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7

Check it with odbc and search if database contain table starting with GDB_ import pyodbc db_file = "C:/path/to/my/database/MyDataBase.mdb" user = '' password = '' odbc_conn_str = 'DRIVER={Microsoft Access Driver (*.mdb)};DBQ=%s;UID=%s;PWD=%s' % \ (db_file, user, password) cnxn = pyodbc.connect(odbc_conn_str) cursor = cnxn.cursor() if ...


6

Personal geodatabases--really anything with Access--have a ton of limitations. File geodatabases permit up to 65,534 fields per table/feature class. It should be no problem to import your existing data to a file geodatabase and then make the changes/additions that you need.


6

It's possible to connect via ODBC. In windows, start the ODBC Administrator and define your Datasource (Microsoft Access Driver). In QGIS go to Layer/Add Layer/Vector Layer/database: Type=ODBC. Set up a new Connection. Host should be "localhost" if your database is local on your machine. Database Name is the same name you defined before in the ODBC ...


4

Postgres configuration By default the Postgres server is only accessible from the same computer it runs on. You need to setup the Postgres server to listen not just locally, but on your internet facing network card too. This is done in the postgresql.conf configuration file. You will also need to enable user authentication from the outside, which is done ...


3

This should work: ##Database=group ##Access.mdb to SqLite=name ##inputmdb= input file ##outputsqlite = output file import sys, subprocess, os, sqlite3 as sql mdb_name = inputmdb sql_name = outputsqlite try: print "\nopening db" conn = sql.connect(sql_name) curs = conn.cursor() print "\ncreating schema" cmds = ...


3

No, the assumption was not correct (ArcObjects is calling the Access function, so there should be no difference). However: Access-based geodatabases are "old school", with limitations in size and capability; their use has been greatly de-emphasized of late, especially in light of the deprecation of PGDB support on 64-bit platforms (no ArcGIS Server or ...


2

Short awnser: you need to use dynamic DNS on your home router. I use DtDNS because they offer five free hostnames. you need to forward 5432 port on your router to your local debian server.


2

Given that VBA is a programming language, in theory, it is possible to process a KMZ file. However, you must first unzip it from binary into KML format. Maybe look at how-to-parse-process-a-kmz-file and Read From Binary Files in Visual Basic for inspiration. Then you need to parse this hierarchically structured KML data and reconcile it with the relationally ...


2

... or directly with MS Access Forms ... There is a sipmple way: You are able to define a action for each Layer (see: Layerproperties) There you can input a pythonscript. from win32com.client import Dispatch dbname ="dbname.mdb" dbForm = "frmname" filter ='id= "[% "ID" %]"' a=Dispatch("Access.Application") a.Visible=True objDB = a.CurrentDb() if ...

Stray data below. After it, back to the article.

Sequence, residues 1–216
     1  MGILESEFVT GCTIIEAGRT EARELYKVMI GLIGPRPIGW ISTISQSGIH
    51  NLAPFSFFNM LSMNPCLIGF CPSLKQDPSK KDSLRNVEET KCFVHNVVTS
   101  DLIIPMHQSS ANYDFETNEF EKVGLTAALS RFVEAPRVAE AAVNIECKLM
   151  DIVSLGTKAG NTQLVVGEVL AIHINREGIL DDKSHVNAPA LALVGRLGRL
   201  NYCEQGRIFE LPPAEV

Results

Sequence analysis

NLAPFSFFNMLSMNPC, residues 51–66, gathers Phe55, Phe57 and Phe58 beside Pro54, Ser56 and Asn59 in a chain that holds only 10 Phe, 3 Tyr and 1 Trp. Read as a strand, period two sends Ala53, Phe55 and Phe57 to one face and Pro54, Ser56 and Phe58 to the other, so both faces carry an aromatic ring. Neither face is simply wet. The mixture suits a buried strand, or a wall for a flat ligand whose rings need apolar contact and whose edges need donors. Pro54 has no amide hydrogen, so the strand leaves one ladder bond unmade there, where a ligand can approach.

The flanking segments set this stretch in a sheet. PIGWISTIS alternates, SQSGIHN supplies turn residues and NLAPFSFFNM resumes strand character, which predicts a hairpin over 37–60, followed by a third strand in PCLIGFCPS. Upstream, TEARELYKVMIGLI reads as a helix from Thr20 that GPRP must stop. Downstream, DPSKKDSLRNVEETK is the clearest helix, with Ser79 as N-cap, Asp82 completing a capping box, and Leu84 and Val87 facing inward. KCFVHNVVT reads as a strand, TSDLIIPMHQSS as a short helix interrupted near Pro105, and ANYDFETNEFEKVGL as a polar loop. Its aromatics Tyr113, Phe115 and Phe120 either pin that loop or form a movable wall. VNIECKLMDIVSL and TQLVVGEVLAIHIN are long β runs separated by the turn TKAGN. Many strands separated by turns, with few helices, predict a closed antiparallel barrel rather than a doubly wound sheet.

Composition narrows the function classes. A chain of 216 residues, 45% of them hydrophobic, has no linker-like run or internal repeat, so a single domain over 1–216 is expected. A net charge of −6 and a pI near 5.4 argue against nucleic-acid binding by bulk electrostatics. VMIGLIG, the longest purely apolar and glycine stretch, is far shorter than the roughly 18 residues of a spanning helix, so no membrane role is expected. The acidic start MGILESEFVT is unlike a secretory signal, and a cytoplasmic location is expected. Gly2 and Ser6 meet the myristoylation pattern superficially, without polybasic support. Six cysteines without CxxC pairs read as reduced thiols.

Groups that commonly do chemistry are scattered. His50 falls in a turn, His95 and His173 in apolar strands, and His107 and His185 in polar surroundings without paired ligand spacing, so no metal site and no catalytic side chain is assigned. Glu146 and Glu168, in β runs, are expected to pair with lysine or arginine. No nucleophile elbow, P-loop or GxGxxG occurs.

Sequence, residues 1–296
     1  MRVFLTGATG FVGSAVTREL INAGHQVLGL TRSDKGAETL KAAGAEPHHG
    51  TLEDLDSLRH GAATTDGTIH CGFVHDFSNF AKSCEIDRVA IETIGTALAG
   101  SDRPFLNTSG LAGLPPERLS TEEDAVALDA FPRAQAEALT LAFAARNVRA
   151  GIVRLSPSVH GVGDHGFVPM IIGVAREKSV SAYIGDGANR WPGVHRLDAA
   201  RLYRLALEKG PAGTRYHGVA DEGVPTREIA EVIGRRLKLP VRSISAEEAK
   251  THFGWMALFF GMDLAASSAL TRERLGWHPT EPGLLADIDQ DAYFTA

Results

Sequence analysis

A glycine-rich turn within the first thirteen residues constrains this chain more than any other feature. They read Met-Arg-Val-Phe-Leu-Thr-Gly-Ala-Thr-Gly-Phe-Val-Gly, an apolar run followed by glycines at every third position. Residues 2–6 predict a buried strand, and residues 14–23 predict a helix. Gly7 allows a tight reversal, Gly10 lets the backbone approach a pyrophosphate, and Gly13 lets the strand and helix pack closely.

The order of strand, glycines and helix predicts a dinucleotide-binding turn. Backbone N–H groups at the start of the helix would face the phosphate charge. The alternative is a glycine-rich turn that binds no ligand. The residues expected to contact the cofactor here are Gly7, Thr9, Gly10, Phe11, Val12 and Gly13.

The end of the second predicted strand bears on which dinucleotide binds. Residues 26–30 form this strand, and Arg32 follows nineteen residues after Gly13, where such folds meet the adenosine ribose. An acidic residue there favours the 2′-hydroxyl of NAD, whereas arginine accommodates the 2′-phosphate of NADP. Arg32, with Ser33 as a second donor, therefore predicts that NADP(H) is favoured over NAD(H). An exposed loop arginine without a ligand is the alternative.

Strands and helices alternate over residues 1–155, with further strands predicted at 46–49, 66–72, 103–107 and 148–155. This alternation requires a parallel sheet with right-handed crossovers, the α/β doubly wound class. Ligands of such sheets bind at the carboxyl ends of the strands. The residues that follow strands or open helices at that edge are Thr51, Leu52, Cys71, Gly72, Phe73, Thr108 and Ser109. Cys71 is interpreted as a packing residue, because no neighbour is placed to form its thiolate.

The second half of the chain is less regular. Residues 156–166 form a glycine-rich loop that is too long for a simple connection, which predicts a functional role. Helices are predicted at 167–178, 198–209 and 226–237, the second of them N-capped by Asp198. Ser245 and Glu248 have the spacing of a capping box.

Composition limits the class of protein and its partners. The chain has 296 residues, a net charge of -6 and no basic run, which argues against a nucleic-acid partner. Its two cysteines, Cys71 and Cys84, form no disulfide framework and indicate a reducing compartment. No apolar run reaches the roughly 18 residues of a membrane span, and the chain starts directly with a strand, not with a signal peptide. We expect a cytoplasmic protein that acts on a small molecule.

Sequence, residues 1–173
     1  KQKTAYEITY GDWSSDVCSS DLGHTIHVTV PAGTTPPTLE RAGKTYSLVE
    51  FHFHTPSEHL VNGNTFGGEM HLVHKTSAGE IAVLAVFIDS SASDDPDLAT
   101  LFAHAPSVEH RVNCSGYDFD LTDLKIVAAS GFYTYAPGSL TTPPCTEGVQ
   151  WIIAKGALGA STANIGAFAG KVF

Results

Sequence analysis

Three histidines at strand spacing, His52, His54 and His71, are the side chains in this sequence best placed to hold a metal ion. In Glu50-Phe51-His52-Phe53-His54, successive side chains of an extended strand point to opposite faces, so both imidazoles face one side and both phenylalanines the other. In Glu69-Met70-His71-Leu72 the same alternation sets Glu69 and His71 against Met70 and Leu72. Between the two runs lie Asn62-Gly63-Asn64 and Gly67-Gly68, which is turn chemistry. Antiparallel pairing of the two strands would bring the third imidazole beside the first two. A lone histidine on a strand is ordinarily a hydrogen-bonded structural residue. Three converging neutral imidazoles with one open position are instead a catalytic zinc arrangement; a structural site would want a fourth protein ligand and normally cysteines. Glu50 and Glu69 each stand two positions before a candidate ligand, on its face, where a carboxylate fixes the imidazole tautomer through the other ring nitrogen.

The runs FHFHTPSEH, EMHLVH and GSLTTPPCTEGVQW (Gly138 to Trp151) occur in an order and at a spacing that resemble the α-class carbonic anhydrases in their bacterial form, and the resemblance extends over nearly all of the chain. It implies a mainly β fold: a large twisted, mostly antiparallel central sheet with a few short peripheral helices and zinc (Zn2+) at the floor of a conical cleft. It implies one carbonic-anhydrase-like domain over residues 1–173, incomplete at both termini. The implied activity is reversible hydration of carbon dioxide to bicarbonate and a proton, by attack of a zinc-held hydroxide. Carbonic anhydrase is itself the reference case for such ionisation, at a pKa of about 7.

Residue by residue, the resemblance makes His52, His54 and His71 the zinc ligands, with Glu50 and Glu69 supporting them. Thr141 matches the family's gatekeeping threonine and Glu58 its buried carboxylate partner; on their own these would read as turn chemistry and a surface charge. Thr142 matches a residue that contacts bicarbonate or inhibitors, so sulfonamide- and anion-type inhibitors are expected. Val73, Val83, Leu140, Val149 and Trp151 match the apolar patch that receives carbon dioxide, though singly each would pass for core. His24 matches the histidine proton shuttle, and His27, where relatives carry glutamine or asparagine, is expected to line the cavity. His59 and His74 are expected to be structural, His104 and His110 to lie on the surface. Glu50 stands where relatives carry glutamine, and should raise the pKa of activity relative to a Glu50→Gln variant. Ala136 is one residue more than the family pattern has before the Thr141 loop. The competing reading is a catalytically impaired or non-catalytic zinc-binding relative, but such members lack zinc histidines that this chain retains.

1

You need to access the system tables in MS Access to get a list of the available tables/views. This has been discussed earlier on stackoverflow You might be able to get to the entire context of the system table using this MapBasic statement: Register Table "C:\my access database.mbd" Type ACCESS Table "MSysObjects" Once you have the table open in ...


1

You are almost there. You have completed up to step 5, however arcpy.AddJoin_management just joins the two tables in memory (as per your manual step 5) - you'll still need to calculate the fields you want updated. For step six you'll want to make use of arcpy.CalculateField_management for each field you need to have updated, just as you would if you used ...


1

Like ArcGIS, GeoMedia uses the Access .mdb file for one of it's own proprietary data storage formats. The only thing in common between Esri's personal-gdb and Geomedia's .mdb is the extension. GDAL/OGR 1.9+ has a read-only driver for the Geomedia MDB database. You should be able to use ogr2ogr utility to convert the contents into data usable by both ArcGIS ...


1

Is there a way to link ArcGIS to MS Access and use that DB? addresses how to connect to an Access Database. One thing that is important to note, is that there needs to be a spatial component in your database in order for it to open in ArcGIS, but it will also need to be in a format readable by ArcMap. If you've ever opened the back end of a geodatabase, ...


1

I have faced the same problem, you can solve it by one of the following: Check the name of the table which you are joining with (In my case, I renamed it from Arabic to English, then the problem solved). Check the name of the fields within the table (no spaces, no symbols.. etc) Check the permission to the destination folder/drive you are exporting to.


1

Below is the model that will connect to an Access 2010 database table and create a point layer from the data. You need to create a Table View and feed that into the Make XY Event Layer tool. This is an in memory layer which can be used in processing but if you want to create a permanent version you need to save it, copy features will do this. When you ...


1

One option would be to add a small macro to the project properties which executes "points layer from table" automatically. For the styling, you can, for example, load a premade qml file. import processing def openProject(): pts = ...



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